On the surface, printing may seem straightforward. After all, you’re pushing patches of ink onto paper! However, suppose you’ve studied the process closer. In that case, you’ll realise the sheer amount of options available in different printing styles and materials. Card, photographic paper and plastic require unique processes for an impressive finished result. The possibilities are endless, and the only limit is your imagination.
Regardless of your ideas and expectations for the outcome of your printing, it would help if you considered whether you’d like to incorporate bleed in your project. And if you’re wondering, ‘what is bleeding?’ or ‘do I need it?’, then take a deep breath and continue reading. Here’s an introduction to bleed in printing.
What Does Bleed Mean In Printing?
Your print bleed is ink on the page that reaches beyond the edge of your digital design. Bleed exists to ensure you won’t face unwanted white borders around your custom signs or flyers after trimming them to the desired size. A 3mm bleed is the very least recommended on any printed product, regardless of the dimensions or the shape.
Manually check your bleed dimensions before you print any project. If you’re using Microsoft Word, Adobe Photoshop or PowerPoint, you’ll need to make your canvas 6mm larger from the beginning. You can then treat the additional space as a 3mm bleed margin around the border. A5 paper is 148mm by 210mm, so your project should be 154mm by 216mm with the additional space incorporated. You’ll never face unsightly gaps again if you demonstrate careful forethought.
Do I Always Need To Leave Bleeds While Printing?
If your project incorporates a photograph you’d like to display without white borders, you’ll need a bleed. Improperly proportioned prints look less professional, so you may be wasting your money and effort on marketing without achieving clean edges. However, you won’t need to consider a bleed if your image or design uses a white background! Everything will blend anyway, so you needn’t alter dimensions.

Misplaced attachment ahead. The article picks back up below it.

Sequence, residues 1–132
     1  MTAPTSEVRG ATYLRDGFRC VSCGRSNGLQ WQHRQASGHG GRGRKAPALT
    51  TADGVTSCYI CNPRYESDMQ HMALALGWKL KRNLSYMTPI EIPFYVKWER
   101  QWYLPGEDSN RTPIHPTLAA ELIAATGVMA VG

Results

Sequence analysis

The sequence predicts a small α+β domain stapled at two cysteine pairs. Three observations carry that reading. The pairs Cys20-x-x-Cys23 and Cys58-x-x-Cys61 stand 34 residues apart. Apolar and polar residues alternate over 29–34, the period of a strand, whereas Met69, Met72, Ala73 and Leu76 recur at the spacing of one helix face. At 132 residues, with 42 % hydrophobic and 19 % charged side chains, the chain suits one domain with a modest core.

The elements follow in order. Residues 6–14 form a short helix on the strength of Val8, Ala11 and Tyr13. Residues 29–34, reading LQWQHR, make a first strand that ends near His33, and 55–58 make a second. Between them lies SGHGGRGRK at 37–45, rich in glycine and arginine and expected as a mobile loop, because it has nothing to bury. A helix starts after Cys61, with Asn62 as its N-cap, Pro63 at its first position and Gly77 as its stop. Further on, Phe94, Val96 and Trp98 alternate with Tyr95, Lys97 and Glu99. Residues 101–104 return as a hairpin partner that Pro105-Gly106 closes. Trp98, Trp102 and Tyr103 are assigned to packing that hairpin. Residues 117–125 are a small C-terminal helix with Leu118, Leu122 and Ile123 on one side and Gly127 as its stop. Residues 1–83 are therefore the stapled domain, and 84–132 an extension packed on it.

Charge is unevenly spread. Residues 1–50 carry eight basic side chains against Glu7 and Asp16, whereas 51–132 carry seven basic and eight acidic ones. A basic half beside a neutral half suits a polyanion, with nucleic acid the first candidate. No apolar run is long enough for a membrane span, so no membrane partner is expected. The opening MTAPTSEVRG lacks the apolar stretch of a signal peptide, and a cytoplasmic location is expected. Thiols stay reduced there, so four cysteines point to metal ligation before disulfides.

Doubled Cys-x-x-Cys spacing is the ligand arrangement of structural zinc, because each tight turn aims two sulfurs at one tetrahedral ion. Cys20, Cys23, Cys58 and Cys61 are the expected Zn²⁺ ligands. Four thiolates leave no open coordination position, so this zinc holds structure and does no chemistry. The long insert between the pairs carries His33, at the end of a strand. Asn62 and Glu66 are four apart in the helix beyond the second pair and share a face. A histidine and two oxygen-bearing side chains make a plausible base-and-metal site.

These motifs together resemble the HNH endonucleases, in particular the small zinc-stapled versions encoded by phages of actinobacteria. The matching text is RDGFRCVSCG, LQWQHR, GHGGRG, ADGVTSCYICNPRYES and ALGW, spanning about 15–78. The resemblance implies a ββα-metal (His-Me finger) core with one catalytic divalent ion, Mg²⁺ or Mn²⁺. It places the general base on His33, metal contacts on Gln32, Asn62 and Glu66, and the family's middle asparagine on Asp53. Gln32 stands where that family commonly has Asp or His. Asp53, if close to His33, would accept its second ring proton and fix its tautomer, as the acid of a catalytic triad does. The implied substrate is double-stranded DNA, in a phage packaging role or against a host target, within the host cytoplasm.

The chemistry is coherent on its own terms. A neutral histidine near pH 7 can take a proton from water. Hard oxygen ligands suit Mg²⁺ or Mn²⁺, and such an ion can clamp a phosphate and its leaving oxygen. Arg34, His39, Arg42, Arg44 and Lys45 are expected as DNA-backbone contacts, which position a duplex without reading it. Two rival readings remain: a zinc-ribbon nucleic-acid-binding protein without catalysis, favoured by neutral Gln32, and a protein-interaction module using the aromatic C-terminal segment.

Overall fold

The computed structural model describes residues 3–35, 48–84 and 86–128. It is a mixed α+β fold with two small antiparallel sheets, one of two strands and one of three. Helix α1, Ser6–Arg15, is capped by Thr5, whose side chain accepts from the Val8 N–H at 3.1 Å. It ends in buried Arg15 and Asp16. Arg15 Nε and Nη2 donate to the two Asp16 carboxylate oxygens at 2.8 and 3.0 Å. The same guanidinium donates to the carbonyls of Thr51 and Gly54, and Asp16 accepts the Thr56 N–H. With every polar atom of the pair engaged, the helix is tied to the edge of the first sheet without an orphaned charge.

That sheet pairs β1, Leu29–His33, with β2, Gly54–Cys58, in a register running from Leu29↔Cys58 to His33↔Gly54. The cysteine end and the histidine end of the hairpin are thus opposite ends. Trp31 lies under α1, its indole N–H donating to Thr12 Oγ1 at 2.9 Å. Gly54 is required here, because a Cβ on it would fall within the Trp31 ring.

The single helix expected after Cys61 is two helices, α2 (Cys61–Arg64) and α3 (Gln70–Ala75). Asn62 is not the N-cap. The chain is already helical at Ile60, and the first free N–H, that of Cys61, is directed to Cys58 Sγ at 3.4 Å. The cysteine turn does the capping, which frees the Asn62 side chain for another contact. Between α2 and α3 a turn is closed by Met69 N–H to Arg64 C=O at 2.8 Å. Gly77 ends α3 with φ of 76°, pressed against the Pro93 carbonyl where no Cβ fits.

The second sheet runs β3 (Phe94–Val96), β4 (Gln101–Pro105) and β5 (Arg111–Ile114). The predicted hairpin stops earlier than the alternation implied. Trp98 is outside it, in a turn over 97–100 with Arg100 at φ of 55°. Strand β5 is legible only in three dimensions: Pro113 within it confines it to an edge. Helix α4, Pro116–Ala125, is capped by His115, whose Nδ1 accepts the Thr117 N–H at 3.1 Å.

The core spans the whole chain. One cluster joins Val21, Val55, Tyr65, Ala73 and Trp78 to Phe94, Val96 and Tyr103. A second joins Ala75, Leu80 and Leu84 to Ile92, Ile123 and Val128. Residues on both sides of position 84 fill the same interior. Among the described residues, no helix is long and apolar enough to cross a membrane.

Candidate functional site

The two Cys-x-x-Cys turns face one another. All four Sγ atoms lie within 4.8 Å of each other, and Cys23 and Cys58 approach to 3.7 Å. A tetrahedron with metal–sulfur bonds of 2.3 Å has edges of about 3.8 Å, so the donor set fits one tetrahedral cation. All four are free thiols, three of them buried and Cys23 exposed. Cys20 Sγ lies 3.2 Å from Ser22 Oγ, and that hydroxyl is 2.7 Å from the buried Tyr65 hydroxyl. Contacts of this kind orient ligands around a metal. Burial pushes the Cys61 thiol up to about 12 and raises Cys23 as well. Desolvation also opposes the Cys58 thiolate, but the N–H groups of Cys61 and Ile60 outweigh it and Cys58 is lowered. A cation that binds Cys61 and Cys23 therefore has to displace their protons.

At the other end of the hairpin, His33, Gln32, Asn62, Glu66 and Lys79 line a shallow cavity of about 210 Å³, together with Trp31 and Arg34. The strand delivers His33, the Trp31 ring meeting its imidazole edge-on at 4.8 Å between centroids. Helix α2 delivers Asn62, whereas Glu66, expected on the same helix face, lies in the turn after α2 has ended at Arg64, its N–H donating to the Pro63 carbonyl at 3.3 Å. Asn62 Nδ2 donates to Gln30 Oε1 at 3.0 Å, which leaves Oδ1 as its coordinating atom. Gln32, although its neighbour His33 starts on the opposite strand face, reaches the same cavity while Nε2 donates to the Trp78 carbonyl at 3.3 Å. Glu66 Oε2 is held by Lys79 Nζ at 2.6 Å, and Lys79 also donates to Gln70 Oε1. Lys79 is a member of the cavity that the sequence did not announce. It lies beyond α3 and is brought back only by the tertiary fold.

What Do I Need To Look Out For With Bleeds?
Up until now, we’ve only recommended a 3mm bleed margin. That space will suffice for documents up to 45cm by 60cm. Anything more significant than 45cm by 60cm will require a more substantial bleed, and we recommend 12mm to be safe. Remember you dictate your bleed margins, so be sure they’re adequate for any printing you complete.
We recommend running a test print with traditional printer paper before committing to your dimensions if you’re working with expensive material. Bleeds are adjustable, and you may determine you need wider margins than usual for a particularly awkward image.
A Checklist Of Common Mistakes To Avoid In Printing:
Forgetting to consider bleed space is only one of the mistakes you can make while printing. Impressive designs take lots of consideration and careful planning, so we’ve compiled a checklist to run through before you throw money at bulk materials and buckets of ink.
- Check for typos before you print text. Double, triple and quadruple assess your work.
- Reassess your dimensions before you print. It’s easy to mistype by a centimetre or two.
- Delete guidelines that aren’t supposed to feature in the project.
- Apply a colour palette to your design. Too many tones and hues are distracting.
- Utilise high definition images that can convert to CMYK.
- Consider the shade of your material. If your base isn’t white, you’ll need to balance the colour.
Why Not Trust The Professional Printers?
The best news we can deliver is you needn’t stress over calculating bleed dimensions alone. At Screentec, we’re here and happy to help with any printing project. Whether your team plans to create outdoor display stands or promotional posters, you can contact us for valuable support.